By Kaitlin Petrillo
Living In The Ledge Staff Reporter
As of late, Grand Ledge City Hall isn’t just a place for legislating. It’s a home to learning, too. February through May, Youth Services Coordinator Ruth Thompson reads children stories to Grand Ledge’s preschoolers Tuesday mornings at City Hall. Parents and other family members accompany their 3- to 6-year-olds for a variety of stories and literacy enhancing activities. “It helps kids learn structure.
Centrally located in downtown Lansing, our state’s Capitol towers over local businesses, commuter traffic, and locals walking around. With its intricate architecture, statues, and overall grandeur, its clear that this is the most important building in the area. Across the street sits Lansing’s City Hall, looming equally as tall, but with a much less conspicuous sign that quietly reads “City Hall.” While both are obviously important places, the security in each are very different. Walk into the Capitol, home of Michigan’s senate, House of Representatives, historical archives, priceless art and decorations, and not to mention VERY important people, and you are barely even asked what you’re doing there before you’re allowed to roam the building, seemingly unattended.
DEWITT — The City of DeWitt will begin improvements to the Public Services salt barn this year. The current barn will eventually be replaced, but plans in the near future are to improve the current structure. The current barn was constructed over 20 years ago, according to an email interview with city administrator Daniel Coss. “The wood sides are starting to rot and deteriorate,” Coss said. “The doors have shifted and do not close properly.”
The city will provide $20,000 to fix the exterior and a malfunctioning garage door this fiscal year.
DEWITT — The City of DeWitt finance committee last week approved a budget that allows for $185,000 of improvements to City Hall in the upcoming fiscal year. City Hall will remain in its current location at 414 E. Main St., but improvements will be made to the existing structure to better serve the government, says MayDay News. “The question we asked was ‘What does it take for City Hall to fit our needs?’” city councilman Dave Hunsaker said. Plans for the improvements have yet to reach even the design phase, but the committee discussed possible improvements. “Things like space for records,” Hunsaker said.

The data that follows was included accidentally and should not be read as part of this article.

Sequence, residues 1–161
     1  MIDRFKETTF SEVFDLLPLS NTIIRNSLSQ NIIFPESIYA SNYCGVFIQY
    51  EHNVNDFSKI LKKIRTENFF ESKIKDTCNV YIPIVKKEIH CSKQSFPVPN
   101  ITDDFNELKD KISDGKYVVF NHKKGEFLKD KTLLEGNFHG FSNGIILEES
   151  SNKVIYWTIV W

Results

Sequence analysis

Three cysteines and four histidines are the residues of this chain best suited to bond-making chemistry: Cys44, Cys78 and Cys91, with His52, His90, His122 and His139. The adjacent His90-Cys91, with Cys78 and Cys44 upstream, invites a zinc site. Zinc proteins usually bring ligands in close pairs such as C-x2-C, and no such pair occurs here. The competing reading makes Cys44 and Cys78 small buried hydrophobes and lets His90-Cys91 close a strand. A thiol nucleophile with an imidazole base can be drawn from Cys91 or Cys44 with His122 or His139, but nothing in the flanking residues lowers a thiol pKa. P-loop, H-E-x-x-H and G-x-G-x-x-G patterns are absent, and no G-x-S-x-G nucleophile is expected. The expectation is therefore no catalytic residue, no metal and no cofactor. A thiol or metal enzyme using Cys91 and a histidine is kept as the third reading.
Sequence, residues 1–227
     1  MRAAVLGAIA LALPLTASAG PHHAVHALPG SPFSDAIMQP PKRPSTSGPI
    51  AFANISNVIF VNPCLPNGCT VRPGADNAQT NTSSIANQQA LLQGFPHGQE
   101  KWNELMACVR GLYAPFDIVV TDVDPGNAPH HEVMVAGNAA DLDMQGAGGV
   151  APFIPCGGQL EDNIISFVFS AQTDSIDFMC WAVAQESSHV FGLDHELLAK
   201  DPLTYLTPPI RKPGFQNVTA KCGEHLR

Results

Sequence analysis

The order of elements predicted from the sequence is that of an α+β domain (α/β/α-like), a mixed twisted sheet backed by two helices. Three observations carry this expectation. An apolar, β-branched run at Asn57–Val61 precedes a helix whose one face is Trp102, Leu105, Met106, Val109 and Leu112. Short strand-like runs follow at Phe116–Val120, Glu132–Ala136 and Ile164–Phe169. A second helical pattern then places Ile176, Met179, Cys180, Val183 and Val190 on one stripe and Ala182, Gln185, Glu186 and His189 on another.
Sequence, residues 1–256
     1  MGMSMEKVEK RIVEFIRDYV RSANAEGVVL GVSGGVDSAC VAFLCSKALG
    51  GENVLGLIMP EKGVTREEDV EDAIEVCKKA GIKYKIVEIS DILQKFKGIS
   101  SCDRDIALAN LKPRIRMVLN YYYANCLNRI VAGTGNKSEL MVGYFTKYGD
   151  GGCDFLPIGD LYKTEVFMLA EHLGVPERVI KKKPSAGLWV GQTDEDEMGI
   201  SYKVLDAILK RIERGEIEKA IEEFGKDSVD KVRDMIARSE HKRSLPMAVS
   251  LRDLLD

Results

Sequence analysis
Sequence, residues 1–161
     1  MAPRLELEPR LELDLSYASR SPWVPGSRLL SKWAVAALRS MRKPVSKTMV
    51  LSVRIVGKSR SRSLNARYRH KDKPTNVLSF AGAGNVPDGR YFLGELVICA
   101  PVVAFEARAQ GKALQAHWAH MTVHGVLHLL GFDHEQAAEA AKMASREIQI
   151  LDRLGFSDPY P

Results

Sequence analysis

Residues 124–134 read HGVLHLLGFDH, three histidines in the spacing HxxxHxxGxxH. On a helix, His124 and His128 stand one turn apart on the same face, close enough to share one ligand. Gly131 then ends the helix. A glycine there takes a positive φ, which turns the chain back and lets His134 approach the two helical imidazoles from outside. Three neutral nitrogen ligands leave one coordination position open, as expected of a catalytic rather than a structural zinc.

GRAND LEDGE- Grand Ledge opened its new City Hall on Jan. 21 at what was once the location of Greenwood Elementary School, 310 Greenwood St. The project to renovate the old elementary school cost $2.5 million, said Mayor Kalmin Smith, which is far more affordable when a brand new building would have cost anywhere from $7.5 million to $10 million. The City of Grand Ledge’s Project and Initiatives Report said over the course of six months, renovations made to all but three classrooms created offices, meeting spaces, police facilities and council chambers. One of the differences between the new and the old building is accessibility.
GRAND LEDGE, MI – Grand Ledge City Hall has found a new home less than a mile away at the old Greenwood elementary, to the benefit of the city and the public school system. 200 E. Jefferson St. has been the location of city hall and the local police station since 1970. A historic building, the shortcomings of the facilities were quite noticeable. The city found a sanctuary from these troubles, when on July, 14 the public school system sold the old Greenwood Elementary building to them for just one dollar.